The Order of God’s Decrees

Timing is everything. If I have something that is of a sensitive topic to discuss with my wife (like say the purchase of a new commentary or academic books like those from the amazing Craig Keener), I do not approach my wife when she is in a bad mood. Rather, I wait until she is in a fairly good mood to broker such a deal.[1] My bookcase already runneth over which to me is a sign that I need to get another bookcase to fill with more books. But that is a different topic, so I digress. Nevertheless, the timing of a series of events changes how certain ends come about. If I approached my wife with the idea of a new commentary after she had a bad day at work, chances are likely I will not get the commentary with her blessings. For those who say, “Well, get it anyway;” I would say, “You’re either not married, or not ‘happily’ married.” As the old adage goes, “Happy wife, happy life.” However, if I caught my wife on a good day and explained the value of the commentary, the end result would likely be different.

When it comes to the order of God’s decrees, timing is everything. In the theological world, there are three orders of God’s decrees that are presented: Supralaparianism, Infralapsarianism, and Sublapsarianism. When we mention the word “decree,” think of this as the timing of God’s decision. I decreed to write this article last Thursday, but I decreed to actually write the article on Monday, June 27, 2016. What are these orders and which fits the biblical narrative best?

Supralapsarianism

Supralapsarianism is accepted by what many call hyper-Calvinists or as Norman Geisler calls it “The Extreme Sovereignty View.”[2] Supralapsarianists accept the following order of God’s decrees:

  1. God decrees to save some and condemn others.
  2. God decrees to create both the elect (saved) and the reprobate (condemned).
  3. God decrees to permit the fall of both the elect and the reprobate.
  4. God decrees to permit salvation only for the elect.[3]

In this order, God decides to create both those who would be saved and would not be saved, and decides to only give salvation to those whom He chose to give salvation. In this scheme, the individual has no option but to follow the course that God has previously prepared for them. Such a plan is deterministic, or even perhaps fatalistic.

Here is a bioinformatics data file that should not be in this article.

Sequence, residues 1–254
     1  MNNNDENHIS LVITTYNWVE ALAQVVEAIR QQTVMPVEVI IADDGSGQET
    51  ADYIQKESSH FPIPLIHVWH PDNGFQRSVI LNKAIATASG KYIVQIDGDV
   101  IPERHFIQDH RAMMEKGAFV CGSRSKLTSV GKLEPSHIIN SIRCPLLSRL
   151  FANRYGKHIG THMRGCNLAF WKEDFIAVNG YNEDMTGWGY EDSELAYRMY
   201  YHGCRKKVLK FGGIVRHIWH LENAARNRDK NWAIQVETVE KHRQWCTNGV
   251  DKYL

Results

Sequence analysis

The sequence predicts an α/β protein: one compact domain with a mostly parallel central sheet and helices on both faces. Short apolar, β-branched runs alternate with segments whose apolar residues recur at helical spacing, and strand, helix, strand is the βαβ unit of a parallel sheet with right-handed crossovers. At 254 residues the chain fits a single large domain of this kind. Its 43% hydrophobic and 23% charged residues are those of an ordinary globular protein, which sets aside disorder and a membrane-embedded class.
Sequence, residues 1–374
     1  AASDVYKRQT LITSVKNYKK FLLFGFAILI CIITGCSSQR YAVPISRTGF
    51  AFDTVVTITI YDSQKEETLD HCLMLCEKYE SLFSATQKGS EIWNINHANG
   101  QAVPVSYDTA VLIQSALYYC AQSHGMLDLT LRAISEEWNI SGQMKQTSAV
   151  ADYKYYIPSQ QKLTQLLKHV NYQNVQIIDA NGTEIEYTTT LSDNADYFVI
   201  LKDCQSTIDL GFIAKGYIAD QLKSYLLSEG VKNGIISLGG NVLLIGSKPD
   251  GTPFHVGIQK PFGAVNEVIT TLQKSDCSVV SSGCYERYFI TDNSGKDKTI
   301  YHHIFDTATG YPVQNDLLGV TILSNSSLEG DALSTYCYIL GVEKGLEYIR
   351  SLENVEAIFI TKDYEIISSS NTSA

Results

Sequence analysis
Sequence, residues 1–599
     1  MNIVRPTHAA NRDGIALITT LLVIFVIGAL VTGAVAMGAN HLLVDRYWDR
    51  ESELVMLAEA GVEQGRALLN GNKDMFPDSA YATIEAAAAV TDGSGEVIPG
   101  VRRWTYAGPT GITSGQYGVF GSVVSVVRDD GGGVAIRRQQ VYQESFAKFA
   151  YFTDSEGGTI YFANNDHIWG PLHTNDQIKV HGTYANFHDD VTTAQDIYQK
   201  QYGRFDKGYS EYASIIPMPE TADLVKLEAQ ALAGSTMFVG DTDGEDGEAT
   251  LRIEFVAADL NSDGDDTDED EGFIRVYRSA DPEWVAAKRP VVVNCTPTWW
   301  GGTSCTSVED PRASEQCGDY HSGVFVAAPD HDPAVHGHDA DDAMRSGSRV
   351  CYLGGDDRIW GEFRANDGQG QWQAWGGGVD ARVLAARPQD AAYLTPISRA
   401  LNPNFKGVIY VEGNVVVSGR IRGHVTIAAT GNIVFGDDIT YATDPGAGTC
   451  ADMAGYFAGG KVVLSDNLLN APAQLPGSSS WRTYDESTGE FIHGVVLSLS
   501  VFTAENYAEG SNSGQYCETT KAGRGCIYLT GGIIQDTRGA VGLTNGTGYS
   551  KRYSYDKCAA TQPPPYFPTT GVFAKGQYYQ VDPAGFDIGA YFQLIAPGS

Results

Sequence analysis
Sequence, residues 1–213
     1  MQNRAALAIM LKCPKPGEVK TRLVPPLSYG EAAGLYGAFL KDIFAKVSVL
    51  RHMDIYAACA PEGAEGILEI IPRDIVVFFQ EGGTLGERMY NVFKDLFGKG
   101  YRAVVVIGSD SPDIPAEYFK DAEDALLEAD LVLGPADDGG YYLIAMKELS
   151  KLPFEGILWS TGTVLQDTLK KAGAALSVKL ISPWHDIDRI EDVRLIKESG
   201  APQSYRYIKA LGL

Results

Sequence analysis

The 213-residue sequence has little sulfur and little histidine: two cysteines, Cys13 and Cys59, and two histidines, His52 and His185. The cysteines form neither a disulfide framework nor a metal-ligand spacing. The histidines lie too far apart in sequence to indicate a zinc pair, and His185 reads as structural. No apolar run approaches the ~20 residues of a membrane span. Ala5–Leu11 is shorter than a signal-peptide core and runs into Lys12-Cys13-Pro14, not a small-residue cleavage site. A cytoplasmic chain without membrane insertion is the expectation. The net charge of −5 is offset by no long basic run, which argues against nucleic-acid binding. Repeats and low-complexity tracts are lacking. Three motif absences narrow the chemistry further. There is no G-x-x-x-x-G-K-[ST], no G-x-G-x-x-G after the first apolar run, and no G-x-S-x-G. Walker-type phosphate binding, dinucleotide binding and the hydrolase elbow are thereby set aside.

Infralapsarianism

A modified version of Supralapsarianism is Infralapsarianism. Infralapsarianists seek to soften the hardcore determinism found in Supralapsarianism by offering the following model:

  1. God decrees to create human beings.
  2. God decrees to permit the fall of humanity.
  3. God decrees to save the elect and condemn the rest.
  4. God decrees to provide salvation for the elect.[4]

In this model, God makes the decision to save a particular group of individuals after He decides to allow humanity to fall. Thus, God offers a bit of freedom to humanity. However, after humanity has fallen, God decides to select a few to save.

Sublapsarianism

Sublapsarianism differs from the previous two models presented. Sublapsarianists offer the following model for consideration:

  1. God decrees to create human beings.
  2. God decrees to permit the fall.
  3. God decrees to provide salvation sufficient for all.
  4. God decrees to save some and to condemn others.[5]

In this model, God creates humanity with a desire to save all, but chooses to save only some. Sublapsarianism is the softest of the three versions presented. One must ask, which fits the biblical narrative best?

Which fits the biblical narrative best?

To answer this question, certain biblical passages must be kept in mind. The Bible does not tell us of the particular order that God followed when creating humanity and developing the salvific plan. However, some passages imply a particular narrative. I wish to examine four segments of Scripture.

Exodus 4:21 and 8:15

In the story of the Exodus, God told Moses, “When you go back to Egypt, see that you do before Pharaoh all the miracles that I have put in your power. But I will harden his heart, so that he will not let the people go” (Exodus 4:21).[6] How did this hardening take place? Well, the reader is provided the answer later in the book. When God alleviated the plagues and “when Pharaoh saw that there was a respite, he hardened his heart and would not listen to them, as the LORD had said” (Exodus 8:15). Through this particular passage, we see that God absolutely knows what a particular person will do in certain circumstances. Notice too, it was God’s grace given to Pharaoh persuading him to repentance that led to Pharaoh’s heart-hardening.